(NEW YORK) — High-profile cases of unhoused people committing violent acts in U.S. cities like New York and San Francisco may have ignited fear and frustration around the homeless population of these areas, experts say.
But while those incidents tend to draw attention, they may create a false impression that homeless people are significantly more dangerous than the general population, according to research.
“Fear of danger far exceeds the actual risk of danger,” said Nyssa Snow-Hill, a researcher at the University of Illinois at Chicago.
Stigmas around people in marginalized groups contribute to the perception that people experiencing homelessness are a risk, Snow-Hills said. Some research shows that people view unhoused people with more disgust and as less human than other groups, for example.
“We view them as lacking in morality, being more dangerous, being more lazy, being less rational,” Snow-Hill said. “This contributes to those cognitive views that this is somebody who could present harm to me.”
Some people can be very uncomfortable with those that are different from them, according to Snow-Hill, and that can create increased anxiety.
“People don’t often have a lot of experience with those experiencing homelessness,” she says.
The visibility of unhoused people can increase that discomfort, experts say. An ABC News analysis found that while the number of people experiencing homelessness has been relatively stable over the past decade, the public’s visibility of unhoused people has increased. Some reasons include more urban construction and aggressive policing policies that have forced some people experiencing homelessness closer to where other people live and work.
Studies in recent decades have attempted to answer the question about whether unhoused people are more likely to be violent, but these studies have produced mixed results, and rely on inconsistent data sources.
Still, some research has found that unhoused people are arrested at higher rates than housed people, but that they’re arrested for non-violent behavior like public intoxication or shoplifting — not violence.
Researchers who study public perceptions of homelessness say people tend to have exaggerated fears of unhoused people. They also tend to assume that most have severe psychiatric disorders — which reinforces their fear.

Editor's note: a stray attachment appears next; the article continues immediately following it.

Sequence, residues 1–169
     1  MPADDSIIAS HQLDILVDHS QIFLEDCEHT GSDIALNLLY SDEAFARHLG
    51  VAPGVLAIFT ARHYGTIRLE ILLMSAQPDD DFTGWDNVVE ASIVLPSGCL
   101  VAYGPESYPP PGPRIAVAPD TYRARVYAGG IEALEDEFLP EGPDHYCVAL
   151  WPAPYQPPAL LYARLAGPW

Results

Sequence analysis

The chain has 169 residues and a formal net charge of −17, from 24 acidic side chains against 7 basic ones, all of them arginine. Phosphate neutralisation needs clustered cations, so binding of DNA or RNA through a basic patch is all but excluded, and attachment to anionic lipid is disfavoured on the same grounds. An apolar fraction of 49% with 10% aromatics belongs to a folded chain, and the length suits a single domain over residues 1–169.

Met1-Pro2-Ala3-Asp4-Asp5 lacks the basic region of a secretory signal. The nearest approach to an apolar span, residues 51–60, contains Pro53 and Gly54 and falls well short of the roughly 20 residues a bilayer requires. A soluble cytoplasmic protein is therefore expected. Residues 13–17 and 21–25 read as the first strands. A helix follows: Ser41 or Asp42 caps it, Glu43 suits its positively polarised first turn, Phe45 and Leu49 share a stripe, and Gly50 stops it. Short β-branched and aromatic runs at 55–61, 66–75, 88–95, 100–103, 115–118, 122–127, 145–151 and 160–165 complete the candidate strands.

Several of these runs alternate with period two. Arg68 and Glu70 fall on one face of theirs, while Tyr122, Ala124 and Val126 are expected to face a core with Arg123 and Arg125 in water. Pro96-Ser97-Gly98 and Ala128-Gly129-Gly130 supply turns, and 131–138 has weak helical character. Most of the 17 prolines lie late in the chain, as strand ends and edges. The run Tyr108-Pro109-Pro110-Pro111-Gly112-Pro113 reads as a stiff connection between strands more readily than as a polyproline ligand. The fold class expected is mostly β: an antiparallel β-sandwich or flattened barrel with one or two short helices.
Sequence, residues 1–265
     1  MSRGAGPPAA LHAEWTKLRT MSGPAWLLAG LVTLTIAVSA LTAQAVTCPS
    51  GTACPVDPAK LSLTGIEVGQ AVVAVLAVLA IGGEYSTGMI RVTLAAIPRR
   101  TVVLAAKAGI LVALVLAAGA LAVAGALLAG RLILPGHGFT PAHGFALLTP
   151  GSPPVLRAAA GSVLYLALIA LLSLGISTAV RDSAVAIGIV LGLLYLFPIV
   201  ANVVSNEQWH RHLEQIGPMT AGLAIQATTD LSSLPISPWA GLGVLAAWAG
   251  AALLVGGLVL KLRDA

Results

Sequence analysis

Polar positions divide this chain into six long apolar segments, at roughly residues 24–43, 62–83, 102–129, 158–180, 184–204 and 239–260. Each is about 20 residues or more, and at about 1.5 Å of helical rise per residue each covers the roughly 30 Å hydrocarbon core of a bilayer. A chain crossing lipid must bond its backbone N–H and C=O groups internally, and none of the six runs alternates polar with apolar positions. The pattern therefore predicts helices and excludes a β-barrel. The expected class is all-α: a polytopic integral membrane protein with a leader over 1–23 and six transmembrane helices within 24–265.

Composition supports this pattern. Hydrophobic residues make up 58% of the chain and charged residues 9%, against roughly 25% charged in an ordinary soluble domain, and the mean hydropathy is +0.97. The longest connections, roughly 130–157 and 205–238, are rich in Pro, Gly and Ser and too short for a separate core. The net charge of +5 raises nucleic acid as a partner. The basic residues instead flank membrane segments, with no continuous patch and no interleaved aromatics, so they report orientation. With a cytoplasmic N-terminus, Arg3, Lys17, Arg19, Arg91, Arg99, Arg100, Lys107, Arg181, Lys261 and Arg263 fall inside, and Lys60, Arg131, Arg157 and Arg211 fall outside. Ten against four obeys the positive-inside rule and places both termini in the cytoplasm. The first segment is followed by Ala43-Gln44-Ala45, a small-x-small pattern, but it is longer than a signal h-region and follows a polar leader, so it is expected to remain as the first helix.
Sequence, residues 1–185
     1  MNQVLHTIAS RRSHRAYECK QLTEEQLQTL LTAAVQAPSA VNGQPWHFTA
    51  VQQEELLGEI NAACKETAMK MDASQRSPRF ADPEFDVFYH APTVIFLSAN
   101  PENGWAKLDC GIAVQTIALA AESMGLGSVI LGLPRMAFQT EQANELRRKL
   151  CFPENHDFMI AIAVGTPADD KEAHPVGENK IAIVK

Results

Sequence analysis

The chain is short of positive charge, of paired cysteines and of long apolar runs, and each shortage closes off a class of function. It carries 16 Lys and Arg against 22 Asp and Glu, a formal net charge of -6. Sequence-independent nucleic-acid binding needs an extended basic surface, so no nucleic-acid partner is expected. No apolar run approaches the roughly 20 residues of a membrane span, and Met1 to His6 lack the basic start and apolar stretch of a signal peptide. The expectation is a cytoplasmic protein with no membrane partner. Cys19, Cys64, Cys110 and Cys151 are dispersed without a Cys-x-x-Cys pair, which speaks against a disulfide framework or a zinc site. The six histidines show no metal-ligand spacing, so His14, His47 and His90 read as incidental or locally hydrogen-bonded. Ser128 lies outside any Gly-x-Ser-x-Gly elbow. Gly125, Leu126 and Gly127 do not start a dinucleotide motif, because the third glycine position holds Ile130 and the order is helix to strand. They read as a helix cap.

“We tend to stereotype those experiencing homelessness as automatically having mental illnesses,” Snow-Hill says. “Then we often assume mental illness is severe and could pose a risk to the general public.’
Data suggests around 20% of people experiencing homelessness have severe mental illness, according to an ABC News analysis of data United States Department of Housing and Urban Development.
People with mental illness may have a slightly higher risk of committing violence than healthy people, research shows. But most violence is not committed by people with mental illness, and the things that predict violence in people with mental illness — like antisocial behavior and substance use — are the same qualities that predict violence in people without mental illness, according to the research.
Like unhoused people, people with mental illnesses are more likely to be the victim of violence than to be a perpetrator.
“There is this perception that people with severe mental illness are unpredictable and act violently … even though through research we know that they’re more likely to be victims,” says Jack Tsai, campus dean at the UTHealth Houston School of Public Health and research director for the U.S. Department of Veterans Affairs’ National Center on Homelessness Among Veterans.
Encouraging people to have more contact with people experiencing homelessness is one way to try changing attitudes and stereotypes around unhoused people, Snow-Hill says. Situations that offer meaningful contact between unhoused people and housed people — like in shelters through outreach — can help create those shifts. But disrupting deep-seated, often unconscious bias can be difficult, she says.
But changing those attitudes is important for creating the policy change that can actually address underlying causes of homelessness. People who have more negative views about people experiencing homelessness may be less likely to vote for policies that are less punitive and help provide housing, for example, Snow-Hill says.
“The issue of homelessness often comes down to these large systemic issues that will have to be addressed at policy level,” she says. “Unless attitudes change, we’re never going to get to that point where we have the change that’s needed to make a difference.”
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